On Sunday, 9 May 2004, Sir David Frost interviewed Patrick Cockburn and Major General Patrick Cordingley
Please note "BBC Breakfast with Frost" must be credited if any part of this transcript is used.
Patrick Cockburn and Major General Patrick Cordingley
Well we're turning now to the subject which once again has dominated the week's news and that of course is what's been going on in Iraq.
The authenticity of the pictures published here in the Daily Mirror, purporting to show prisoners being abused by British troops, is still in dispute but there's certainly no doubting the authenticity of the images which have emerged from America and which have already led to criminal charges against some of the soldiers involved.
The political fall out from these photos has been huge, with apologies from the President and Defence Secretary Donald Rumsfeld, and they've admitted there's more to come including even more shocking video tape.
That's a picture right now and in a moment we'll be talking to Robin Cook, but first of all to assess the impact of this I'm joined by two experts on Iraq.
Patrick Cockburn, who's been reporting from the country for many, many years and just got back from his latest visit a couple of days ago. And we're joined, I'm delighted to say, by Major General Patrick Cordingley who commanded the Desert Rats in the first Gulf War. Welcome, welcome to you both.
First of all, since you're just back Patrick, was the mood, the reaction to these revelations as dramatic as we've read, in Iraq?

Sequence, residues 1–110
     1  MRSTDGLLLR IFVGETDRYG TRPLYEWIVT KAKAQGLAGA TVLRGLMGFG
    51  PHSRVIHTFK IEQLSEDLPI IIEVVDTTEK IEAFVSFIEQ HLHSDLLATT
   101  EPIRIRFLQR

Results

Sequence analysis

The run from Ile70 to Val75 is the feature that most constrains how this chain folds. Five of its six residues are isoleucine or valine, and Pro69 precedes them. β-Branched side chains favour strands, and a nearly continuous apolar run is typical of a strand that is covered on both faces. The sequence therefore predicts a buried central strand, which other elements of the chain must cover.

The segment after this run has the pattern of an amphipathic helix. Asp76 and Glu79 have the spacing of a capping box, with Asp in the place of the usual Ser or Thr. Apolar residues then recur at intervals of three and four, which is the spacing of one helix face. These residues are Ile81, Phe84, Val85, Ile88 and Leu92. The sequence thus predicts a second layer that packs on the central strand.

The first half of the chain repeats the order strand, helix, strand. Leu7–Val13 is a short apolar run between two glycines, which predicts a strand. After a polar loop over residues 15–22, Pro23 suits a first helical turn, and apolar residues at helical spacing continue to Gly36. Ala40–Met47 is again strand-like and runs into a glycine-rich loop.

The Iraqis were very shocked but I don't think they were very surprised because there have been rumours and stories in Baghdad for several months now, since the end of last year, that people were being tortured, that people were disappearing in Abu Gharib and in other prisons. So I think that when a lot of them were saying that they'd expected something like that was going on but of course the graphic pictures did have an enormous impact as well.
Patrick, were you stunned that coalition soldiers could behave in this way? How can it be explained.
I think there is really two issues - firstly, what's happening to prisoners before interrogation, and the second thing is what is actually happening to prisoners - and they're getting rather confused these two issues. In the first the excuses are going to come out from the Americans, now, aren't they?
They're softening people up so that the interrogators can find things out more quickly - we're going to get lots of buzz words like 'shock after capture' - those sort of things. And then the second thing - which actually I think is slightly harder to deal with - is that there's this how are prisoners actually being treated by the coalition.
And why is that more difficult to find out? I mean there's a lot of research presumably going on now.
I think it is the whole business, it's like bullying isn't it? It's the same thing, there's a dark side to human nature, you do get these occasional bad eggs don't you, in any organisation, and that's the business that's got to be controlled.